Hektoen International

A Journal of Medical Humanities

A Silent Voice: A case study of suicidality

Ryan Xia
San Francisco, California, United States

Shoko and Shoya. Fair use.

During the COVID-19 pandemic, deaths from suicide surged as social isolation disrupted daily routine and promoted feelings of loneliness and anxiety.1 The pandemic shed light on risk factors that increase one’s likelihood of committing suicide,2 such as the loss of a loved one or the loneliness of being isolated from society. Individuals ill-prepared to face these challenges would be at risk, as evident in the direct correlation between the pandemic and suicide rates.1

The film Koe no Katachi (A Silent Voice) (2016) directed by Naoko Yamada, an adaptation of the manga written by Yoshitoki Ōima, explores the topic of suicide through the story of its two protagonists: Shoko Nishimiya—a victim of extensive bullying—and Shoya Ishida, her bully. As a child with hearing disabilities, Shoko was somewhat of a social outcast, often bullied by her classmates, most notably by Shoya. During her teenage years, Shoko underwent waves of deep depression, leading to her suicide attempt. As Shoya’s friends realized the monster he was, targeting a helpless girl, they began to cast him aside. While he became guilt-ridden for his childhood actions and contemplated suicide to atone for his sins, he decided instead to reconcile with Shoko. In the end, he redeems himself by saving Shoko from suicide and redirects himself away from suicidal ideation by recognizing many protective elements in his life.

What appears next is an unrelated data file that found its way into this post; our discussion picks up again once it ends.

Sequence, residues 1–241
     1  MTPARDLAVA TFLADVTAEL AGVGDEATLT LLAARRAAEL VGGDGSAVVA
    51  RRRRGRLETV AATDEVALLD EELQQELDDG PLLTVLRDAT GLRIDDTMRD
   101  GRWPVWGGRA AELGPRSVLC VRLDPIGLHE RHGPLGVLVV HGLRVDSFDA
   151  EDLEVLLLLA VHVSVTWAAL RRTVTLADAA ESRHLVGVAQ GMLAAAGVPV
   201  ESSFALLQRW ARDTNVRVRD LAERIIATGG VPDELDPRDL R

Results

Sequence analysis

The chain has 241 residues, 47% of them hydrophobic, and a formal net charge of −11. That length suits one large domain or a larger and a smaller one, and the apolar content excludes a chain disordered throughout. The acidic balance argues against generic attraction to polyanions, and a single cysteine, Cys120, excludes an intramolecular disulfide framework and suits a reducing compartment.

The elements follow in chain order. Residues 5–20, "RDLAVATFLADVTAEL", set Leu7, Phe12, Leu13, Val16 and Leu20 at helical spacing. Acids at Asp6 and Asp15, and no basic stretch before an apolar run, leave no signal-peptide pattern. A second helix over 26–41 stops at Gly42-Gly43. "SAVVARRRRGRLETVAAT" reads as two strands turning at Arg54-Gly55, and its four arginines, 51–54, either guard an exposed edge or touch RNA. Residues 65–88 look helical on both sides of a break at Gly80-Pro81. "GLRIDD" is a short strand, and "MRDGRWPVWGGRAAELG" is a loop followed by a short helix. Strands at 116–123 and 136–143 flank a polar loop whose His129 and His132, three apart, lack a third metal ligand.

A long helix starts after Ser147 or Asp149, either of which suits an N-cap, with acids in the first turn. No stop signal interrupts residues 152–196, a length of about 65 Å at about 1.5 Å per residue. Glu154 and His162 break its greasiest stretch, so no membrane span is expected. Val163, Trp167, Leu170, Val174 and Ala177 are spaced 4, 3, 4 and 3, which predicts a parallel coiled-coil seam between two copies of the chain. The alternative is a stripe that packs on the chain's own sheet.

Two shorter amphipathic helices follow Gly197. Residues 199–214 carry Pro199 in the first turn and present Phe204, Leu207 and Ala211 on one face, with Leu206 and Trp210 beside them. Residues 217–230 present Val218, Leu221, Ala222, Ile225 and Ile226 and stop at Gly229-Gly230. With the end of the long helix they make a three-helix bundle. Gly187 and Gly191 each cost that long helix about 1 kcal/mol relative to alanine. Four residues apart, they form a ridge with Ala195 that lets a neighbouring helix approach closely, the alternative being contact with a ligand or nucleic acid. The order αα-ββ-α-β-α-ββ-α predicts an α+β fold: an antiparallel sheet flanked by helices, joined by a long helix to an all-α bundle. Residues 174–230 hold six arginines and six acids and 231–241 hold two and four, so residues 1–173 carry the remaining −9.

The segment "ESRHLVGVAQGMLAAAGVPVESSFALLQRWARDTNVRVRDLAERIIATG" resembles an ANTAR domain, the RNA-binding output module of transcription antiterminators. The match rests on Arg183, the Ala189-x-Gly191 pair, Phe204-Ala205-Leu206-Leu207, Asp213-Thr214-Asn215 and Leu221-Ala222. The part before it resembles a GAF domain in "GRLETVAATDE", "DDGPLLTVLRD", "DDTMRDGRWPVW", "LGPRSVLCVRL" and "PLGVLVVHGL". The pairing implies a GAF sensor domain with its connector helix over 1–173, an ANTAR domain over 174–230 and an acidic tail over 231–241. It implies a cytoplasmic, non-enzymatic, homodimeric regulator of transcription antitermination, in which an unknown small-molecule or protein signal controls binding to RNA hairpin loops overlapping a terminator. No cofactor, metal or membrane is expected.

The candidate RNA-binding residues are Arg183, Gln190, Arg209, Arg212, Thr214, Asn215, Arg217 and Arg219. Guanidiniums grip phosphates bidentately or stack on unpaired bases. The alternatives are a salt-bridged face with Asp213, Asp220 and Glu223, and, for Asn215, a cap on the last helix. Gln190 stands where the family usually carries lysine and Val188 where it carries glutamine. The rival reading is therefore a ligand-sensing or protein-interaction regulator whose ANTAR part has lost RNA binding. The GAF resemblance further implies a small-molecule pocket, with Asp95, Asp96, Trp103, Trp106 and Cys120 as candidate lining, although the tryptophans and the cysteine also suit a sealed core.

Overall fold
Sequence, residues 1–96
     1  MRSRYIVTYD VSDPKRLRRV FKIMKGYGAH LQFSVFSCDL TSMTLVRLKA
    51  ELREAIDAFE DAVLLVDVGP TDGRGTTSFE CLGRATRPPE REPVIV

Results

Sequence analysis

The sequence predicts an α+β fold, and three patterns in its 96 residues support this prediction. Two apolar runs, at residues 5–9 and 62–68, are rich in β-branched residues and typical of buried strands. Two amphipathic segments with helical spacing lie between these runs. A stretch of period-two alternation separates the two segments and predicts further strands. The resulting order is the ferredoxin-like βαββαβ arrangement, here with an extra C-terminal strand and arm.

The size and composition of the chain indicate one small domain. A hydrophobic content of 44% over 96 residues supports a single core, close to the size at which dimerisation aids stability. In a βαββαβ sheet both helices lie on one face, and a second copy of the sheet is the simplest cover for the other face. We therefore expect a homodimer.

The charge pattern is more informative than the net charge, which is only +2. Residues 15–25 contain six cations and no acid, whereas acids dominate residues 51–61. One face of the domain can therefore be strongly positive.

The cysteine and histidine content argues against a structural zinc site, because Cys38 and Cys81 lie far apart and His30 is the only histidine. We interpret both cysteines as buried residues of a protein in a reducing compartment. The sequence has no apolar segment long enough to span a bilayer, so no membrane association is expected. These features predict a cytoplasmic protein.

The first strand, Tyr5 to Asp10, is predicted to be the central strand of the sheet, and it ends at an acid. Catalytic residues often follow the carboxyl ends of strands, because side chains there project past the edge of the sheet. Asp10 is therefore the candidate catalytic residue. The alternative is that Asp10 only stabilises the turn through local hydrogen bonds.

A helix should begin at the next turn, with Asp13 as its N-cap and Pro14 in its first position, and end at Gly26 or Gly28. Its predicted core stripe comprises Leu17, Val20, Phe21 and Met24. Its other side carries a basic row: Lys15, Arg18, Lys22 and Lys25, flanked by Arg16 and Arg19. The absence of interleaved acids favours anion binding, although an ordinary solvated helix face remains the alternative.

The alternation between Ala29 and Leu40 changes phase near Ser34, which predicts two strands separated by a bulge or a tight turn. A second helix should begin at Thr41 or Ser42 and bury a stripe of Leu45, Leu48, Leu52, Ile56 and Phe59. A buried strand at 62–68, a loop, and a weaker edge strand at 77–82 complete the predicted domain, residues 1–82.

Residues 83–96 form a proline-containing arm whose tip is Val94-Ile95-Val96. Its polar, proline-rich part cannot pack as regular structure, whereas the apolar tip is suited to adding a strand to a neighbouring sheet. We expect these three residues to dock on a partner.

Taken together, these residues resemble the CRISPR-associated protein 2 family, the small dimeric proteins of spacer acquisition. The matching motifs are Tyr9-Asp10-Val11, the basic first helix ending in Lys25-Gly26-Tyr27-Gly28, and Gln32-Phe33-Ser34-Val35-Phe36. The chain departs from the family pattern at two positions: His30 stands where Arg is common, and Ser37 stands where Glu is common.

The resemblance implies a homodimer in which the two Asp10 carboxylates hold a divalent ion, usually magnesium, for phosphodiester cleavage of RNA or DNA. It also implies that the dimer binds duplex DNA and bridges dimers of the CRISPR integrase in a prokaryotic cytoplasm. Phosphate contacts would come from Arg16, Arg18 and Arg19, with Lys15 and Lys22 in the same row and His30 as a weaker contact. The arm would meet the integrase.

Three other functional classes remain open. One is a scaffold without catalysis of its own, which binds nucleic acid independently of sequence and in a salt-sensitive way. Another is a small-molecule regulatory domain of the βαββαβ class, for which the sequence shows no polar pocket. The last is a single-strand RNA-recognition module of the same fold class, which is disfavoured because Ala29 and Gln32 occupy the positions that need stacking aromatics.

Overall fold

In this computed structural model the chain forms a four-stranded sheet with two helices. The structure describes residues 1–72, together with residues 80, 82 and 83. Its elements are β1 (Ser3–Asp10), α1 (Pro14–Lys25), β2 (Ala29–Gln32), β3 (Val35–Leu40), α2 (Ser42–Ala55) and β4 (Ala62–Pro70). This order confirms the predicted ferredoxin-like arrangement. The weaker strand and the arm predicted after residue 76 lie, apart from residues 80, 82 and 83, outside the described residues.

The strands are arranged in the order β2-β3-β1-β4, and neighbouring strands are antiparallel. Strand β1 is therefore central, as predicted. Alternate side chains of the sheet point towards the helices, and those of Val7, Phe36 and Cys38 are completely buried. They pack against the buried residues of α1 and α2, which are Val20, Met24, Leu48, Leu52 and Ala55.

Shoko presents a typical case of a suicide victim, her self-esteem worsening dramatically, leading to an overall degradation of her psyche. The filmmakers emphasized pivotal moments to demonstrate the reason for Shoko’s low self-esteem in her formative years, notably the traumatic bullying she underwent in grade school. The ramifications of a low self-esteem are often embodied in depressive and anxious tendencies,3 evident in Shoko’s state of mind after her childhood: “If you’re going to kill yourself, do it quickly. It’s a painless way to die, and you won’t have to see the disappointed looks on everyone’s faces.” She assumes everyone will be disappointed by her decision to kill herself. Her environment at home is also lackluster. Her mother abandoned the notion of raising Shoko after she was born, and her grandmother died during her teenage years. With no supportive family except for her sister, she was left to grapple with her own woes to no avail.

Shoya’s story differs from Shoko’s by the addition of suicidal protective factors, one of which is friendship. He was able to break his many friendless years by befriending Tomohiro Nagatsuka. Saving Tomohiro from a bike thief, Shoya was seen by Tomohiro in a positive light. He was the first person Shoya could truly confide in with ill-regard to his past self; he was the first person he could feel confident conversing with without harboring guilt. His new friend symbolized a step ahead into the brighter future, a future past the negativity associated with his current self. In this sense, Tomohiro illustrates the power of suicidal protective factors in aiding those who have endured mental pain.